In 1959, the city-sanctioned demolition of St. Louis’ Mill Creek Valley neighborhood began, and the displacement of its 20,000 Black residents officially succeeded.
The neighborhood had existed for nearly 200 years. It hosted Josephine Baker, Scott Joplin, General William Tecumseh Sherman and Walt Whitman among others. It became one of the largest Black communities in the country with its own thriving businesses and more than 5,000 residential buildings. And it died with a city-wide bond vote allocating $10 million towards its destruction.
Commemorating what came before
In 2023, nearly 64 years after that destruction and displacement began, Centene Stadium, the home of MLS expansion side St. Louis CITY SC, will open on the same site. As a new community finds a home in a soccer-specific stadium, the community that preceded it won’t be ignored. In partnership with St. Louis’ trailway organization the Great River Greenway, Mill Creek Valley will be commemorated outside the stadium with an experiential art exhibit created by St. Louis native Damon Davis.
Eight pillars with embedded design elements of an hourglass frozen in the moment will remind the public of how time stopped for the people of Mill Creek Valley and the time needed to pause and show reverence for their histories. Along the Brickline Greenway trail leading from the installation to Harris-Stowe University, an HBCU located a mile away, additional pillars and signage will tell the story of Mill Creek Valley.
Additionally, the stadium’s southern side will be landscaped to show the exact plotline of the homes that stood on the stadium site. And the St. Louis CITY SC app will share information and resources about Mill Creek Valley and provide an interactive augmented reality experience visitors can use while visiting the art installation.
The idea for a piece commemorating the neighborhood began with the creation of the Brickline Greenway in 2017. The organization creating the project, Great Rivers Greenway, asked living residents of Mill Creek Valley to share their stories. Those stories and further understanding of the displacement of the people behind them led to Davis’ piece and a partnership with St. Louis CITY SC.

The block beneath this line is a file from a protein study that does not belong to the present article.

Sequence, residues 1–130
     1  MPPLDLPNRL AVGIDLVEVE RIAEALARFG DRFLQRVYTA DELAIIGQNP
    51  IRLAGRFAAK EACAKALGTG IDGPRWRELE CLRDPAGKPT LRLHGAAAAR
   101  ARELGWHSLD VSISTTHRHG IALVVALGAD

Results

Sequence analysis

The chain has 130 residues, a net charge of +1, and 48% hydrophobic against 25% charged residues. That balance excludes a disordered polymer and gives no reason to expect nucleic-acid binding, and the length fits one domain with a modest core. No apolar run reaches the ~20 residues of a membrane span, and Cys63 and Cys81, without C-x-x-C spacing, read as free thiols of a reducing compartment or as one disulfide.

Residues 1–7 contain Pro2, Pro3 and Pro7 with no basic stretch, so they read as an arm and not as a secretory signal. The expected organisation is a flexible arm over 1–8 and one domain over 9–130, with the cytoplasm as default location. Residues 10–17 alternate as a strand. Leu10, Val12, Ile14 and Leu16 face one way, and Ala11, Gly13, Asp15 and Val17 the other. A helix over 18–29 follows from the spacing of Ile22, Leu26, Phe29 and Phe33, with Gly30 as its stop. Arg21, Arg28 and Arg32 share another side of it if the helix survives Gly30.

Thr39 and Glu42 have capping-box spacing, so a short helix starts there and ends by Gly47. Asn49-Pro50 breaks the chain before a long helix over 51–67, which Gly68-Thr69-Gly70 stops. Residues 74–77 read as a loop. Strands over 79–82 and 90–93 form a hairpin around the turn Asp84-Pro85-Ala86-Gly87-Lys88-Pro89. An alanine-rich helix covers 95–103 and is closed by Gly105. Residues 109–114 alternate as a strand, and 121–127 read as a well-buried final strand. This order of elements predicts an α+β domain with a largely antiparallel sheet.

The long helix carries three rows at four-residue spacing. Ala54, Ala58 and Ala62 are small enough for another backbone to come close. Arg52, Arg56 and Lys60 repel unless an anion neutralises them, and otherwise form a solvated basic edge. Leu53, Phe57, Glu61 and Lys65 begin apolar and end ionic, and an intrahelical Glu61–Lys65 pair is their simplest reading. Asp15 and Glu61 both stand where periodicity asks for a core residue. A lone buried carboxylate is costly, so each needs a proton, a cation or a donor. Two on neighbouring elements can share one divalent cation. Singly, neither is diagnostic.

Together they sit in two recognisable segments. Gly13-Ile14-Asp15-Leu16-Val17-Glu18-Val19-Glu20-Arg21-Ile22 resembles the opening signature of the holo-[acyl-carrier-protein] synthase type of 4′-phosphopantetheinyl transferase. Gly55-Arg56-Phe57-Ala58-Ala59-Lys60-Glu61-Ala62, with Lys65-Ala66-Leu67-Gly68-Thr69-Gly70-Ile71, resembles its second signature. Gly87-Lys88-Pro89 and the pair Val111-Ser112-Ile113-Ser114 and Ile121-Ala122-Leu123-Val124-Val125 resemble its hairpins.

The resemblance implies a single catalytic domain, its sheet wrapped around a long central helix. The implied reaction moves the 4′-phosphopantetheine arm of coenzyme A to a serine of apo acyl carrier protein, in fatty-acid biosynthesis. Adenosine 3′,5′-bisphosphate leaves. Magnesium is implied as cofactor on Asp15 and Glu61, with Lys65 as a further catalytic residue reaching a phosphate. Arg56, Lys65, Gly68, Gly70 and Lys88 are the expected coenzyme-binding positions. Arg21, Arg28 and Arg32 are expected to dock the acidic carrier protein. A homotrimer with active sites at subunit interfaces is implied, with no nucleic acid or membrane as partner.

“As we began shaping out the Greenway and what the art was, we realized that the soccer stadium was in the footprint,” said Susan Trautman, CEO of Great Rivers Greenway. “We went to them and shared the concept and they have just been a fantastic partner from the very beginning. We’re facing some hard truths with what we did as a city. In fact, almost every city in the nation has done this, but we have chosen to tell the story within the Greenway and within the soccer stadium’s campus. So it is a way to sort of reckon with the past and then think about the future in terms of what we can do to make a city more livable, more inclusive and to address the inequities that have occurred over time.”
Uniting the community
Recognizing Mill Valley Creek offers a chance for St. Louis to acknowledge its history so that it can improve upon its present and future. The Great Rivers Greenway itself is working with an equitable economic development committee made up of local community experts to create guidelines that will hopefully keep the project beneficial for all of St. Louis’ citizens.
It also aligns with the mission of St. Louis CITY SC to use soccer as a cohesive force to bring the city together and improve the lives of its community.
“We talk about being a bridge in our region by creating sustainable and inclusive and accessible programming, working with our food vendors and showing a multicultural experience in a way that has never been done in St. Louis,” said Khalia Collier, vice-president of community relations for St. Louis CITY SC.
“We talk about working within our neighborhoods to elevate Black and brown businesses within the minority community that should be elevated and that are a part of our Downtown West district – identifying our nonprofit partners. We continue to build on our partnership with Harris-Stowe which is our only historically black college within the St Louis community, that's less than a mile from our stadium,” she added.
“These are all opportunities that we not only say, 'Hey, here's this opportunity to experience the game, but here are the opportunities of talent development.' We're talking about front office roles, as we're looking at opportunities to really be able to introduce the game to the Black and brown community in a way it hasn't been done because it hasn't been accessible. I think what we are is a conduit and a unifier within the community. That's this new spirit that people are incredibly excited about.”